‘I’ve been thinking on ways out, but with the attention we get I can’t erase our identities or swap them for another. They would find out right away.’ Milo said.
‘The only way would be to totally stay off the grid.’ Ahmin said.
‘Yeah, so I’d like to ask you to think about any way that’s possible for you.’
The side dishes were served and distracted them enough with anecdotes until the large soup bowls arrived. They enjoyed their meal and by the time they had finished they were the only ones in the restaurant.
‘I’ve got an uncle on the other side of the country.’ Ahmin said. ‘He often tells me the small villages over there could use someone smart for support on their equipment, but smart young people move to the big cities. Perhaps that’s my option.’
‘At least the air is cleaner there.’ Terri said.
Ahmin leaned back. ‘True.’
‘I have no idea what to do.’ Terri said, tracing the edge of her glass with a claw. ‘I have no family, the few friends I have are all involved into the same kind of work I do.’ She looked up at Milo. ‘What about you?’
‘I’m fucked. They know me too well so I doubt if I can stay undercover for a long time. Best chance would be going deep into the wilderness.’
They drank in silence for a while.
‘Well, we have to see if we can grab a hold on what’s going on first so this is something we can worry about later.’ Milo said and stood up to pay at the counter.
Milo dropped Ahmin off at the collective where they checked up on progress, then he and Terri went back to the hotel for the rest of the evening.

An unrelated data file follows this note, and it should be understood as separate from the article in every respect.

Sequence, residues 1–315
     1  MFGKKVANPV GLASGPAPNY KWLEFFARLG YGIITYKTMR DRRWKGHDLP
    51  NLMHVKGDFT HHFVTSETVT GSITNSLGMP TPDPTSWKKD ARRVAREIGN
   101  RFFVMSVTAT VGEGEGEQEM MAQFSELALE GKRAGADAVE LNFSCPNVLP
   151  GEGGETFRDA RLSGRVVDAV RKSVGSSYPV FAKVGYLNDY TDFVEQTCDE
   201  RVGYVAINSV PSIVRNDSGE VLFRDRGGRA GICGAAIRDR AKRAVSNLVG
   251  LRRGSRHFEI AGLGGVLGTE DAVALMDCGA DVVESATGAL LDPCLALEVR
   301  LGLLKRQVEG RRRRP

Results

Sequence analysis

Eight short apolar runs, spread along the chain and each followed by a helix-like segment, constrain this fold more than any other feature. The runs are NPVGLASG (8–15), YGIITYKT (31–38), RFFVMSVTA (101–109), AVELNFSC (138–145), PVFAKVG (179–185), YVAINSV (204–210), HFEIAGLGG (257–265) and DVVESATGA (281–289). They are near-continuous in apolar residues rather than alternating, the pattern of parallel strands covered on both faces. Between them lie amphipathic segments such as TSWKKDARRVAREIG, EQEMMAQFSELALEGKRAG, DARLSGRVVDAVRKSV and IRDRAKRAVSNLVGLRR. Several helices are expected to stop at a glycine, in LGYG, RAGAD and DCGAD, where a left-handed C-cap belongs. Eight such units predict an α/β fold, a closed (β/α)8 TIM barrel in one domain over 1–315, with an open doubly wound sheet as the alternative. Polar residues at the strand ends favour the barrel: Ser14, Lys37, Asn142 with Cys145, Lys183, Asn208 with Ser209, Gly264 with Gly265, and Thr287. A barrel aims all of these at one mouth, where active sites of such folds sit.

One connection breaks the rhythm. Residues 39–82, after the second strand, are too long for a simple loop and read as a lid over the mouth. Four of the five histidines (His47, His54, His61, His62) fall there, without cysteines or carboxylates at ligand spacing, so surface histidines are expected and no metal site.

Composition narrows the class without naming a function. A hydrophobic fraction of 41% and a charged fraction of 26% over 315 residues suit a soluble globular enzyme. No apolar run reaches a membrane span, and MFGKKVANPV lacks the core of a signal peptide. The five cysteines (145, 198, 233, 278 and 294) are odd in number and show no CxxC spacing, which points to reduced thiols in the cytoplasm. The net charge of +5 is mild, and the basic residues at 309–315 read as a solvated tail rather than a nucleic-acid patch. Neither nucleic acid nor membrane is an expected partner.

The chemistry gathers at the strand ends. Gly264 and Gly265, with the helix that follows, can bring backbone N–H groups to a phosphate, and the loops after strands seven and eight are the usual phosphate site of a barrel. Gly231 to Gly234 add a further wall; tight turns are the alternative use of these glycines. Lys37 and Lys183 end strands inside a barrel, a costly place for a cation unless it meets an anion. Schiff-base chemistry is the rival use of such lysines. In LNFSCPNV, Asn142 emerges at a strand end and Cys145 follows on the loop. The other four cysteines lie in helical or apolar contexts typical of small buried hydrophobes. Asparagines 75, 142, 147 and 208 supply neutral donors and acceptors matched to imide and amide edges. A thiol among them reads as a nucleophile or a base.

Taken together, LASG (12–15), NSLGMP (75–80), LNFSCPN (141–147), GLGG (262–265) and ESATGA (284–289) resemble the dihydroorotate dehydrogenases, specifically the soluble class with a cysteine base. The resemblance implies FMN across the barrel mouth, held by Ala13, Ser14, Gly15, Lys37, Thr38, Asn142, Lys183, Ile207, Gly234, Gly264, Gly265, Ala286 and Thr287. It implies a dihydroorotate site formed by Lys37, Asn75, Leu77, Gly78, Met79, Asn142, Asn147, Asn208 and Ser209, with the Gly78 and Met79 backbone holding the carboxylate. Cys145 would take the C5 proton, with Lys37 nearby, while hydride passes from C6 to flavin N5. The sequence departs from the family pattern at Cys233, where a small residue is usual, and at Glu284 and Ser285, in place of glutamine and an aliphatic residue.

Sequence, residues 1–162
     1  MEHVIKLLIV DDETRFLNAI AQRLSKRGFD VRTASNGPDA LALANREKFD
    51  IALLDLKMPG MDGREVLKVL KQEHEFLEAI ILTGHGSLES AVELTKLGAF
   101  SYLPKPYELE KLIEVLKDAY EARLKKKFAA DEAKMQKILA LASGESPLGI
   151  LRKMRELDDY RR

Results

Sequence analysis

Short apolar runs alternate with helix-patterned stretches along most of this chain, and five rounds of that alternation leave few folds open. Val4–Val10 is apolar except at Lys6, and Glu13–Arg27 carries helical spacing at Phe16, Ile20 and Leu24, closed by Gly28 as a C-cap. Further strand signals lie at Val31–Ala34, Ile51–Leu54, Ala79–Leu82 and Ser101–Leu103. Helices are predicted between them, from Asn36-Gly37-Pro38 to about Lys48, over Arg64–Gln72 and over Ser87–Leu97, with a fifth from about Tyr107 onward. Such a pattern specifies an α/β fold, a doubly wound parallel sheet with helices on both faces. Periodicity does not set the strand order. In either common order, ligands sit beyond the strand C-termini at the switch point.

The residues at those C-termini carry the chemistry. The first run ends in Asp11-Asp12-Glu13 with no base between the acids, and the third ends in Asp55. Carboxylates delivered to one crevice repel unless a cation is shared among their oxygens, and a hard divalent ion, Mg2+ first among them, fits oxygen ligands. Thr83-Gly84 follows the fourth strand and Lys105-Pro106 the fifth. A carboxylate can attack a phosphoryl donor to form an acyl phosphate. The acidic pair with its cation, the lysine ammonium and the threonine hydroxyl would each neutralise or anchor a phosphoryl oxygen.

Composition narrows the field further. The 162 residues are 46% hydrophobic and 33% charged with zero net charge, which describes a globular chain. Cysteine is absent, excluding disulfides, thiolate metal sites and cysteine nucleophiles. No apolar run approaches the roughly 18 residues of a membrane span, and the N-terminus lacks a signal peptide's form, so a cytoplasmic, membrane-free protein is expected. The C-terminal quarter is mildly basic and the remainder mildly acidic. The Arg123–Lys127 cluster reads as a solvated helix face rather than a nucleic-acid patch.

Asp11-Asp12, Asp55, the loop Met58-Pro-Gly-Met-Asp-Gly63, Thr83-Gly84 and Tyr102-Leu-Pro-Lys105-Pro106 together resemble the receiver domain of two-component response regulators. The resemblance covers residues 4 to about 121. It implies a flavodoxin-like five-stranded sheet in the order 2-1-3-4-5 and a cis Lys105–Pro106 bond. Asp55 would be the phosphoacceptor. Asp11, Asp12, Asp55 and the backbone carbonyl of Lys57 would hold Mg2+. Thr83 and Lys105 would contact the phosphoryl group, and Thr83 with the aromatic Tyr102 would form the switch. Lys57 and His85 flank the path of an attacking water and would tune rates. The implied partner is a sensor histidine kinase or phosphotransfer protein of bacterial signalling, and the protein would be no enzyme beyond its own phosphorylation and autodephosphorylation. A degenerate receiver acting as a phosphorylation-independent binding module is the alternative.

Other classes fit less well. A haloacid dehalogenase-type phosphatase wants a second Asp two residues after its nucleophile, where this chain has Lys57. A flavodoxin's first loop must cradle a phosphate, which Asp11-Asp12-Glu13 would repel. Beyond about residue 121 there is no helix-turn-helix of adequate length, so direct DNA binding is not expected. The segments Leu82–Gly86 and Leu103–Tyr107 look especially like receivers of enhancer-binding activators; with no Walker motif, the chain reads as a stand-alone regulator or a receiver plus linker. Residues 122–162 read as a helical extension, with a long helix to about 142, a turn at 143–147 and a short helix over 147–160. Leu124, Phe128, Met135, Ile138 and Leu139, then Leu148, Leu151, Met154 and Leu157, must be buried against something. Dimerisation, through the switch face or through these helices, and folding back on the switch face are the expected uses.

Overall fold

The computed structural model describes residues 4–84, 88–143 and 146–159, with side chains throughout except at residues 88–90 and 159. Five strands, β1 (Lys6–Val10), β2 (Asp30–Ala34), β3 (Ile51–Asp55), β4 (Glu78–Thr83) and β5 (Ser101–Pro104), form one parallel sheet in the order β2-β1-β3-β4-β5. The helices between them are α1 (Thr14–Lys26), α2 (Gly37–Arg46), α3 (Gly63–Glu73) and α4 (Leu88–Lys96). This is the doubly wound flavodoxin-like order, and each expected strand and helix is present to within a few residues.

‘Tell me,’ Terri said after Milo got out of the shower. ‘how long did you stay in the wilderness?’
‘What do you mean?’ he asked, sitting down and starting on his glass of wine.
‘The way you said it, the time between the plane thing and when you started working at the department must have been spent somewhere.’
He smiled to himself. ‘I was so scared after I had pulled off that insane stunt that I retreated to a cabin that once belonged to an uncle of mine. I had been there before as a little kid, but he died soon after and it was abandoned.’
‘So, how was it?’
Milo leaned back, sipping his wine in thought. ‘Silent. And not. You don’t hear city sounds, but nature has its own noise. Imagine birds, wind, rain, thunder, trees creaking and rustling, animals going by on occasion.’
She leaned against him. ‘Sounds peaceful.’
‘I didn’t get much sleep the first week until I finally got a little used to it.’
She chuckled. ‘That bad?’
‘You have no idea when you’re used to the city and equipment humming all around you.’ he said and filled up their glasses. ‘It’s such a different world, especially without any connection to the grid.’
‘What did you do?’
‘I spend time learning to hunt, gather edible plants. There were a lot of books on survival so I went through them inbetween trips to a nearby village store. I even cleaned up the glass house attached to the cabin where my uncle grew his own vegetables.’
‘Back to nature.’
He nodded. ‘But curiousity eventually led me to build a satellite connection so I could check out what happened on the grid and if they were onto me. I patiently waited and found out they had no idea who did it. After a while I wanted to get back into what I was doing, and got the idea to hide right into the wolf’s den.’
‘Or in your case, the wolf hiding between the sheep.’ Terri said with a grin.
‘Perhaps. You know a little about me now.’
‘And what do you know about me then? You did check me out, right?’
‘Had to, yes.’ he said and drank while he remebered her info. ‘You lost your mother at the age of sixteen. Father unknown but probably also hybrid canine, like your mother. You had already proven to be good with coding and math at a young age and earned enough with jobs to live on your own by then. Chance of doing shady side jobs but nothing pointed to any evidence while you worked legitimate jobs.’